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Preservation / Migration

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Yaboom MCD Musical Key Chain (1999 – 2001)

Yaboom was a toy manufacturer of the late 1990s and early 2000s that specialised in celebrity musical dolls. It also made a couple of different formats for music, one of which was the MCD Musical Key Chain which was a small music player on a key chain.

Like similar formats such as HitClips, it was aimed at the teenage market. And like HitClips, sound quality was poor but the single songs were at least full length. As well as a play button, there was a switch that meant a 20 second sample was played when the play button was pressed, and this allowed users to hear a sample before buying as the play button could be pressed whilst the device was still in its packaging. There was no volume control and no headphone socket so the song could only be played through the tiny built-in speaker.

Artists such as Backstreet Boys, Britney Spears, TLC, B*Witched and Five were released on MCD Musical Key Chains.

Yaboom also made the Yaboom Box, a very small replica boom box on a key chain, that could be used with tiny interchangeable cartridges.

Yaboom appeared to have ceased trading sometime in 2001.

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LP (Long Play) 12 inch record (1948 – )

The LP (Long Play) record is an audio format for phonograph records, introduced by Columbia Records in 1948 and still in use today.

LP records are made of vinyl (either virgin or recycled) and together with a playing speed of 33⅓ rpm and the use of microgrooves, allow for a playing time of around 45 minutes. Previously, 78 rpm records had a playing time of just around 3-4 minutes per side, so an ‘album’ of records was sold as a set, and this name continued to describe a collection of songs on a single disc.

Each side of an LP contains a single continuous groove, with an average length of 460 m.

LP records are generally 12 inches in diameter, but 10 inch LPs have also been produced at different times. The amount of vinyl in an LP is generally 130 g, but some records were produced with less (sometimes as little as 90 g). Modern high-fidelity LPs tend to use more, such as 180 g. Generally LPs are pressed on black vinyl, but coloured vinyl and picture discs (with a card sandwiched between two clear sides of vinyl) have been produced, as have shaped vinyl and even neon vinyl.

By as early as 1952, LPs represented 16.7% of unit sales, rising to 24.4% in 1958 (by then, most of the remainder was 45 rpm singles, 78 rpm only representing 2.1%).

Stereo sound was introduced in 1958, and quadraphonic records were sold in the 1970s for a time.

The LP had no serious competitors for long-playing recordings until the 1970s when the Compact Cassette improved in quality, and then in the 1980s with the introduction of the Compact Disc. LPs ceased to be a mainstream format in the early 1990s, but continue to be produced in small but increasing numbers.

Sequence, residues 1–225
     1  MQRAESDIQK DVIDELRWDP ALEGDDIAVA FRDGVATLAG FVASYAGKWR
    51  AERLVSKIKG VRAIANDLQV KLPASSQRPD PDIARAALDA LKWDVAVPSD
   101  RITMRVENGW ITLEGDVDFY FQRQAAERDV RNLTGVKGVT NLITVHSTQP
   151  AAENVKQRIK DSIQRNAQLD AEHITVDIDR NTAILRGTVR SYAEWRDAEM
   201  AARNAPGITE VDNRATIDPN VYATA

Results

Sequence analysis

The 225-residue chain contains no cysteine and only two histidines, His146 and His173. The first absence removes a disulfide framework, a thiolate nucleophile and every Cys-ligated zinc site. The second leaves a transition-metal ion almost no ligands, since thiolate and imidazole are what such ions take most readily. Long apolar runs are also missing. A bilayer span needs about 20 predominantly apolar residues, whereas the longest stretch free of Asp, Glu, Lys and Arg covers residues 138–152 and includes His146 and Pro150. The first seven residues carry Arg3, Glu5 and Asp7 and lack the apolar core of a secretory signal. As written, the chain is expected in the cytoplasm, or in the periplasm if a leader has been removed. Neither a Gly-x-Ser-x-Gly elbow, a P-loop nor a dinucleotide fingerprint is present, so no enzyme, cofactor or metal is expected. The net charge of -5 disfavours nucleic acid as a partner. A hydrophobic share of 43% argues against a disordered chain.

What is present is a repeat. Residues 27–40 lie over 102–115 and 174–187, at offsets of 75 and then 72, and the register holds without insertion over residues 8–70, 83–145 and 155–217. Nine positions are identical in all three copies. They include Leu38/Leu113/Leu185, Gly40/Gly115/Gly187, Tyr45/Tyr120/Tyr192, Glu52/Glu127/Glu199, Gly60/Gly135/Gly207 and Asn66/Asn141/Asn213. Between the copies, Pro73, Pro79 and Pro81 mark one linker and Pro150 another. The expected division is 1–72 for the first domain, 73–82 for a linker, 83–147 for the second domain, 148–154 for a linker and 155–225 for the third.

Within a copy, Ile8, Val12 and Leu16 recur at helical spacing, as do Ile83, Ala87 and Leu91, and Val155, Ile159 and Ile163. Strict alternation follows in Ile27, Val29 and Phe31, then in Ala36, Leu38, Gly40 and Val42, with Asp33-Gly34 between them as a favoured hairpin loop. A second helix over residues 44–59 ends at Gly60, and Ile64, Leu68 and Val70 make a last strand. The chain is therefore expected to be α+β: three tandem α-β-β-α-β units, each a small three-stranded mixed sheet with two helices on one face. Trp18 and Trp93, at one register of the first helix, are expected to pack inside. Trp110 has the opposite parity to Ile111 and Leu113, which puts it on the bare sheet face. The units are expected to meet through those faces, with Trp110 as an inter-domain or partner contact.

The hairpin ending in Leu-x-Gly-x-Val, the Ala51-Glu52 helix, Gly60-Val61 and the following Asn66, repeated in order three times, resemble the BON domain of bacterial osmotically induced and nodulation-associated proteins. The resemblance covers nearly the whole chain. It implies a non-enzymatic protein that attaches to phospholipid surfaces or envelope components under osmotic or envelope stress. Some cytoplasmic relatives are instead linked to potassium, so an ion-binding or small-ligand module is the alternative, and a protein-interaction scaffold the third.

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Preservation / Migration

Copy-protected Compact Disc (2000 – 2006)

The original specification for Compact Disc Digital Audio, known as the Red Book, did not make any provision for copy protection, and by the late 1990s millions of ripped audio tracks from Compact Discs were compressed as MP3s and shared over the internet.

The music industry did several things to try and rectify the situation, including setting up online music stores selling music through a subscription model, and the Recording Industry Association of America also prosecuted over 20,000 individuals they accused of sharing pirated MP3s.

Starting around 2000, the music industry also began to put copy-protection onto audio Compact Discs. Companies such as EMI, Sony, BMG, and for a time Warner used copy protection as a means to prevent ripping of audio tracks onto a computer.

Since the discs were non-compliant with the Red Book standard, they were not supposed to display the Compact Disc Digital Audio logo on either the disc or inside the jewel case. There was also a consumer outcry against the disks as they prevented tracks from being copied to the purchaser’s personal audio devices, and some CD players such as those in cars would not play the disks (since these sometimes used some CD-ROM components, especially if they were intended to play disks containing MP3 or other types of compressed files).

In 2005, it was discovered that Sony BMG were using a type of copy protection called Extended Copy Protection (XCP) which installed a rootkit on a user’s computer. This sparked a scandal as it could be used by malware, and Sony announced a recall of disks using XCP and suspended its use.

EMI was the last major label to abandon copy protection in 2006.

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Yaboom Box (1999 – 2001)

Yaboom was a toy manufacturer of the late 1990s and early 2000s that specialised in celebrity musical dolls. It also made a couple of different formats for music, one of which was the Yaboom Box which was a very small replica boom box on a key chain, that could be used with tiny interchangeable cartridges.

This was very similar in concept to HitClips, and was aimed at the teenage market. Like HitClips, sound quality was poor, and the songs only lasted for one minute. Artists such as LFO, Sisqó, Christina Aguilera, Aaron Carter and Mandy Moore have been released on Yaboom cartridges.

Yaboom also made the MCD Musical Key Chain that contained a full-length song but without interchangeable cartridges.

Yaboom appeared to have ceased trading sometime in 2001.

Shaped Compact Disc (1996 – )

Shaped Compact Discs first appeared in the mid-1990s, the first being The Flaming Lips Compact Disc single entitled ‘This Here Giraffe’ released in 1996 on a 8-pointed star-shaped disc.

The most common form of shaped Compact Disc is the business card sized CD-ROM introduced in 1998, but shaped CDs can come in a variety of shapes. Generally, Compact Disc audio discs can be symmetric or asymmetric, whereas shaped CD-ROMs are generally symmetrical so they do not cause vibrations in high-speed CD-ROM drives.

Shaped CDs contain less audio or data than standard 12cm discs, and may not work in all drives.